Christian August Crisius, a German theologian and philosopher, born at Leuna, near Merse-burg, Jan. 10, 1715, died in Leipsic, Oct. 18, 1775. He was educated at Leipsic, where he was professor of theology at the time of his death. He was among the principal opponents of the reigning philosophy of Leibnitz and Wolf, which he challenged at once in the name of reason and faith, asserting its incompatibility with Christian dogmas; and he sought to establish a new philosophical scheme which should be perfectly orthodox. Philosophy is in his view the whole body of rational truths, whose objects are eternal, and is divided into logic, metaphysics, and disciplinary or practical philosophy. He subordinated the scholastic principle of contradiction to that of conceptibility (Gedenkbarkeit), founded logic upon psychology, attributed to the soul fundamental faculties and a liberty almost as complete as that of the Deity, and made the certainty of human knowledge consist in an inward constraint and inclination of the understanding, the guarantee of the truthfulness of which exists in the divine veracity.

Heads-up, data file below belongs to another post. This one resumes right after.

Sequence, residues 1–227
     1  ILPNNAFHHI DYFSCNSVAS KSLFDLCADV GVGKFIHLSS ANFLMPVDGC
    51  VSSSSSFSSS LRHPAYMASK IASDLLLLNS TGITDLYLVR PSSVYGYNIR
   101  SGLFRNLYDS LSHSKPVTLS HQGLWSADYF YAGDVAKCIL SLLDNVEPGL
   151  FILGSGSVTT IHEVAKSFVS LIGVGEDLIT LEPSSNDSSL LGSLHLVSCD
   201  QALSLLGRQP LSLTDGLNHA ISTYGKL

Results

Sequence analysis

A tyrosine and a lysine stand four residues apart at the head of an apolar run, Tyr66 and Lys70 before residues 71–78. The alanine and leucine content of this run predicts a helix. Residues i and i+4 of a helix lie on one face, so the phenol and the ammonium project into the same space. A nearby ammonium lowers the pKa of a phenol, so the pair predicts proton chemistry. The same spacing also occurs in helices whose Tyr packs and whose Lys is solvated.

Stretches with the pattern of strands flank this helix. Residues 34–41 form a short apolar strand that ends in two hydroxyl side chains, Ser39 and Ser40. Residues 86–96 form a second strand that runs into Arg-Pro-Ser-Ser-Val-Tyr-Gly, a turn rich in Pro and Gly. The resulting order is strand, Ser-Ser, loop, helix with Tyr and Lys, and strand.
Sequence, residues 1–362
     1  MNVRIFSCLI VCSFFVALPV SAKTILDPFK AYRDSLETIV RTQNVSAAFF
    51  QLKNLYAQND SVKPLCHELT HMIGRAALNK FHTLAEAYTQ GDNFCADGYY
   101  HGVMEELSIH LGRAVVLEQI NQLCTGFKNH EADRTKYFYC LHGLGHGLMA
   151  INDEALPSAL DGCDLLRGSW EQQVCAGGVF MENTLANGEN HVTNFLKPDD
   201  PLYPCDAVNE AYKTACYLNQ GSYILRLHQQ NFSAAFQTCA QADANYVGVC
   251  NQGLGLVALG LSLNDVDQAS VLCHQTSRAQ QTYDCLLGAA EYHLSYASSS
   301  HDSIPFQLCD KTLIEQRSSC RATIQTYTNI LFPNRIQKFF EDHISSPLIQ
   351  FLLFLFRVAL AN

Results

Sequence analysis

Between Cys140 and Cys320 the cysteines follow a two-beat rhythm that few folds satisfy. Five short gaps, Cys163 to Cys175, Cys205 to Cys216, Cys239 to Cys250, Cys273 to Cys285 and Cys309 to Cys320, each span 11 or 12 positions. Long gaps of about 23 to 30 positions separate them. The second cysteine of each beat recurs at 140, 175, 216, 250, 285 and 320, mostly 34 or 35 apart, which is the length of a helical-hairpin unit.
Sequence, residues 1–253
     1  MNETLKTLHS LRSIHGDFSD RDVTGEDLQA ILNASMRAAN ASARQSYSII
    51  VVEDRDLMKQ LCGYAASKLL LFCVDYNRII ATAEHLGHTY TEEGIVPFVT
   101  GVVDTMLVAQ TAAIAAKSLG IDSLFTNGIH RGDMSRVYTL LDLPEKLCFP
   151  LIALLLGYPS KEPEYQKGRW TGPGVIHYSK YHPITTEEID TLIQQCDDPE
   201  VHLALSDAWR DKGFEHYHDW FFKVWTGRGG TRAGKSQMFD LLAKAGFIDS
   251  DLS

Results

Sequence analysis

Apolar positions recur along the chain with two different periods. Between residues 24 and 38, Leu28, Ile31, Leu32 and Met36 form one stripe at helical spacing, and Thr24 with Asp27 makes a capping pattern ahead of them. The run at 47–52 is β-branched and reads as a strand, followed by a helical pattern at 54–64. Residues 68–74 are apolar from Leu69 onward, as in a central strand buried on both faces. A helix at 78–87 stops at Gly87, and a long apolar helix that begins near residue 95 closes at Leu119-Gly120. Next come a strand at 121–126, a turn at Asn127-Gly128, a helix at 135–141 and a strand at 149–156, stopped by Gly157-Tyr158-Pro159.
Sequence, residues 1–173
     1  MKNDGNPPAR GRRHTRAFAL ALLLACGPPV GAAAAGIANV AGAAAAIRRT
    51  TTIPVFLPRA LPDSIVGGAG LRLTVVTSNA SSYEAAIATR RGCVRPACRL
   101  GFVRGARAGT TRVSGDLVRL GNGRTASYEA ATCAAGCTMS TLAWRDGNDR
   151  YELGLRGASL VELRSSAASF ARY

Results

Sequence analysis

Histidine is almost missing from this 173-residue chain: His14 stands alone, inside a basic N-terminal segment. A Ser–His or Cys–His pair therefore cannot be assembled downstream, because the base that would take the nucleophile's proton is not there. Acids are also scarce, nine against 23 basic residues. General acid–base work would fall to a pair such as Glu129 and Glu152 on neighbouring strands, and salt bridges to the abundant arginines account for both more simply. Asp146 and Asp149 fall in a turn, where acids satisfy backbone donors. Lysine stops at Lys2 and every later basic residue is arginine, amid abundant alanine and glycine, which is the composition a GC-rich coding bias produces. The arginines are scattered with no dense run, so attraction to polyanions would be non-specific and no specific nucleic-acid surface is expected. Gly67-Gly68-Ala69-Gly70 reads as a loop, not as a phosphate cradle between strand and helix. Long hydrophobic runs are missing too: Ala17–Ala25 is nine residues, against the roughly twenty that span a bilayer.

The most important of his publications are: Entwurf der nothwendigen Ver-nunftwahrheiten (Leipsic, 1745); Logik, oder Weg zur Gewissheit und Zuverlassigkeit der menschlichen Erlcenntniss (1747); and Anlei-tung uber naturliche Begebenheiten ordentlich und vorsichtig zu denhen (1774).